GCHQ Joint Cyber Unit
The Government Communication Headquarters (GCHQ) in Cheltenham which houses the UK's Joint Cyber Unit  (Reuters)

A top director at UK spy agency, the Government Communications Headquarters (GCHQ) has admitted he was fighting a losing battle when it comes to cybersecurity – despite an £860m boost in government funding over the past five years.

Alex Dewdney, director of cybersecurity at CESG which is the information security arm of GCHQ, was speaking during the recent RSA conference in San Francisco where he outlined some major problems encountered by cyber-experts tasked with protecting the UK from attack.

"We can point to lots of achievements around understanding the threats much better, about taking steps to mitigate those threats, addressing the national skills base and so on but, nationally, we are not winning the fight on cyber security," Dewdney said.

The UK government has invested a total of £860m on cybersecurity over the past five years as part of the Cyber Security Programme while pouring cash into projects like the Computer Emergency Response Team and the Cyber Information Sharing Partnership. Furthermore, to fight the growing threat from cybercriminals chancellor George Osborne recently confirmed that, in the next funding round, spending will rocket to more than £3.2bn.

Banksy mural near GCHQ depicts spying
GCHQ spies are facing threats from all angles - and possibly losing the fight Getty Images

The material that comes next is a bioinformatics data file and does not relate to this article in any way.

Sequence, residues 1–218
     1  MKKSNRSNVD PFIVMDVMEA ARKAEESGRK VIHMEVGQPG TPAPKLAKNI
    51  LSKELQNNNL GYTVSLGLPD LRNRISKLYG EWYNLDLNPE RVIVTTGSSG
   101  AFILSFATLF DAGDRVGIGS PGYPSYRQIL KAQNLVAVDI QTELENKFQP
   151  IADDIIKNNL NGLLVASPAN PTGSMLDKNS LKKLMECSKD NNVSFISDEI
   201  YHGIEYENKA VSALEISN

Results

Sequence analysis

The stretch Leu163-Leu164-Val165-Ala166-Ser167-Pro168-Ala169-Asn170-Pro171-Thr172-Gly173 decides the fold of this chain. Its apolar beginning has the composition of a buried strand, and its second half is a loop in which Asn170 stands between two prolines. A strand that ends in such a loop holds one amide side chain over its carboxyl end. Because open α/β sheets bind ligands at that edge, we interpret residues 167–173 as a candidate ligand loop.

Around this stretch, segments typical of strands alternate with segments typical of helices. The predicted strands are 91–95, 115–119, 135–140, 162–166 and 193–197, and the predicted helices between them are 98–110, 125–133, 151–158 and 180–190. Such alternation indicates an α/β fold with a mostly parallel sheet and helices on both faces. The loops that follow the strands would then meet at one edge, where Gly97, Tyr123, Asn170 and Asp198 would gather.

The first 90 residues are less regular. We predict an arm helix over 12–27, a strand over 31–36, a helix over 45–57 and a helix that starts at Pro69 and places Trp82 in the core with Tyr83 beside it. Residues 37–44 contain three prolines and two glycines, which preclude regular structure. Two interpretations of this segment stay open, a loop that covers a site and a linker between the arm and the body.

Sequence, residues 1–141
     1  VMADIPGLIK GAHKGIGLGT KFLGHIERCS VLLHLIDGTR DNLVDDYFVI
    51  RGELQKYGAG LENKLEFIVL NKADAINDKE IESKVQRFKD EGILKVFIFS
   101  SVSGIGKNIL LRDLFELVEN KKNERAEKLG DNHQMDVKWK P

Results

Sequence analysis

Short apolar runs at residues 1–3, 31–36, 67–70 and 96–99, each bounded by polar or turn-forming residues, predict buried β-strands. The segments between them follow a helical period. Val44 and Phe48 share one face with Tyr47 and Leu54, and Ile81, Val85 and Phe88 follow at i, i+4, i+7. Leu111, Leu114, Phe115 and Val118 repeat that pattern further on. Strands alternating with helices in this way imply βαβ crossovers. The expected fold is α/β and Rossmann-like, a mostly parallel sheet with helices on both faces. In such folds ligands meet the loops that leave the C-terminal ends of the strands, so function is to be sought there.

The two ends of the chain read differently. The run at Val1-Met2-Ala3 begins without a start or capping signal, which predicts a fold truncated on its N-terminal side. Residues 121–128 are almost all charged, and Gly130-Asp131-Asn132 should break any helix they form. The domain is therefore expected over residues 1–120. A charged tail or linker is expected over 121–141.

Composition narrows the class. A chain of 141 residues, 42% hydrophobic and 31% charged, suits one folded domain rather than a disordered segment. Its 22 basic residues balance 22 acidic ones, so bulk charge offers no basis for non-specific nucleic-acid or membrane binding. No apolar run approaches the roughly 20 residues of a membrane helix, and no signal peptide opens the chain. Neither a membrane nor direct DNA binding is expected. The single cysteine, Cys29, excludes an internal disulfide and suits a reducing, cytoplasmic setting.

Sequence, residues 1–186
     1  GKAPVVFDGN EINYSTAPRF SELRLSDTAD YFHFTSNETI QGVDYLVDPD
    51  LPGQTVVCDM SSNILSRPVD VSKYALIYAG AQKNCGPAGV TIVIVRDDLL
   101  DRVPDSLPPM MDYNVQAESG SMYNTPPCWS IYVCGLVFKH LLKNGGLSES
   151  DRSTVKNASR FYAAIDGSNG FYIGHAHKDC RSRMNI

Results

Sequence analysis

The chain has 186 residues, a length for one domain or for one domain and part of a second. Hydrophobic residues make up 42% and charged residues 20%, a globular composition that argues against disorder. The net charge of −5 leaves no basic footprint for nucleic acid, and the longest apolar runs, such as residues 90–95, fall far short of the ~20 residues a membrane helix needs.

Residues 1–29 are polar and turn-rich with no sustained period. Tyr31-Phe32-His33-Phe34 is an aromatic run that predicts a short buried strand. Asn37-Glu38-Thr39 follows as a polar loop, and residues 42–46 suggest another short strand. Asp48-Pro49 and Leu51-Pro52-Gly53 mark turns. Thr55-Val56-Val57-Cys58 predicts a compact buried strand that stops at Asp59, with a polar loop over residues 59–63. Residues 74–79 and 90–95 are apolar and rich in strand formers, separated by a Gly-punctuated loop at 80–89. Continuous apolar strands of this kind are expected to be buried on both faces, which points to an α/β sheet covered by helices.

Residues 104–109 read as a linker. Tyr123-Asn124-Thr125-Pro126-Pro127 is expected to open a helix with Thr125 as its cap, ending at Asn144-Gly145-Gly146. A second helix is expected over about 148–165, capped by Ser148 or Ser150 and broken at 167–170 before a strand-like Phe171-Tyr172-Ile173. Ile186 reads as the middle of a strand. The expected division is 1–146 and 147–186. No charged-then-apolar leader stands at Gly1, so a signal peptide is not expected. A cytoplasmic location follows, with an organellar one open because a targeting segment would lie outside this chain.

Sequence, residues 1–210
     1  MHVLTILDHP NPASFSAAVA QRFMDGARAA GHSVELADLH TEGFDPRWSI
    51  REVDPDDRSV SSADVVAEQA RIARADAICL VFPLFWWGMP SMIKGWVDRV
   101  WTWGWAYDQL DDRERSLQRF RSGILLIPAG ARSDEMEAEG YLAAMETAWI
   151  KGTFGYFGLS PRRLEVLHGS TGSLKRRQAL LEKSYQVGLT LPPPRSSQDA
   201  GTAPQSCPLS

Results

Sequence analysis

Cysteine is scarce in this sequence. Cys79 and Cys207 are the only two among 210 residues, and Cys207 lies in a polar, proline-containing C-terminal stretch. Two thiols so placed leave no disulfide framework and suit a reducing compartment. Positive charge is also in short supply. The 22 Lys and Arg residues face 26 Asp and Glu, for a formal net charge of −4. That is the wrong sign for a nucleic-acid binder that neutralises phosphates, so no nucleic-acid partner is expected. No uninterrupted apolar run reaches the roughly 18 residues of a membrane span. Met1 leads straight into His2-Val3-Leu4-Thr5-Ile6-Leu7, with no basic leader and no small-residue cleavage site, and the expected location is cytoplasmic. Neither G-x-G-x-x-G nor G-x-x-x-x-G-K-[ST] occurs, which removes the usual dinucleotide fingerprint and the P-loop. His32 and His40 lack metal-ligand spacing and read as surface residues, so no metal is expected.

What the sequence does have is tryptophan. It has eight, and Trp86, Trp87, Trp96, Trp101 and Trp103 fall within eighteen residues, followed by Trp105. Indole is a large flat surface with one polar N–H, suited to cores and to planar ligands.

To highlight the scale of the problem now faced by GCHQ, Osborne claimed the agency was now actively monitoring "cyber threats from high-end adversaries" against 450 companies across the UK aerospace, defence, energy, water, finance, transport and telecoms sectors.

Cyberwar cash not enough

Dewdney stressed that he sees the importance of the investment, but stated his personal opinion that – to fight the escalating cyber problems – it was still not enough.

"I think we would be losing a lot more if we hadn't done all the things we've done over the past five years. So, don't get me wrong. All of that has been worthwhile," he said. "But there's been something of a mantra in the UK that the solution to all of our problems is information sharing and public/private partnerships – that if we keep doing that then somehow it will magically cause improvement to happen. That approach by itself is not sufficient."

Another worrying issue, according to the director, was that despite the investment no money is being spent on resolving the security issues emerging due to the agency's use of so-called 'legacy' computer systems. Indeed, last year it was revealed that the UK government had not funded migration from Microsoft for Windows XP – despite some departments still running the outdated software.

Dewdney appeared frustrated at the apparent refusal to migrate to a newer – and better protected - computer apparatus. "We've not been spending money on fixing legacy IT issues, and that is just killing us. I've tried to make this argument to my bosses that surely you have to start there before you try to do anything more sophisticated," he said.

"But the response has always been 'I'm not spending cybersecurity programme money to subsidise other departments' IT budgets'. Come on, it's the aim that you have in mind that justifies it, but I haven't won that battle yet."

Dewdney has been employed by CESG since August 2015. Prior to his current role he was the head of cybersecurity at the British Embassy in Washington DC. IBTimes UK contacted GCHQ for comments but had received no response at the time of publication.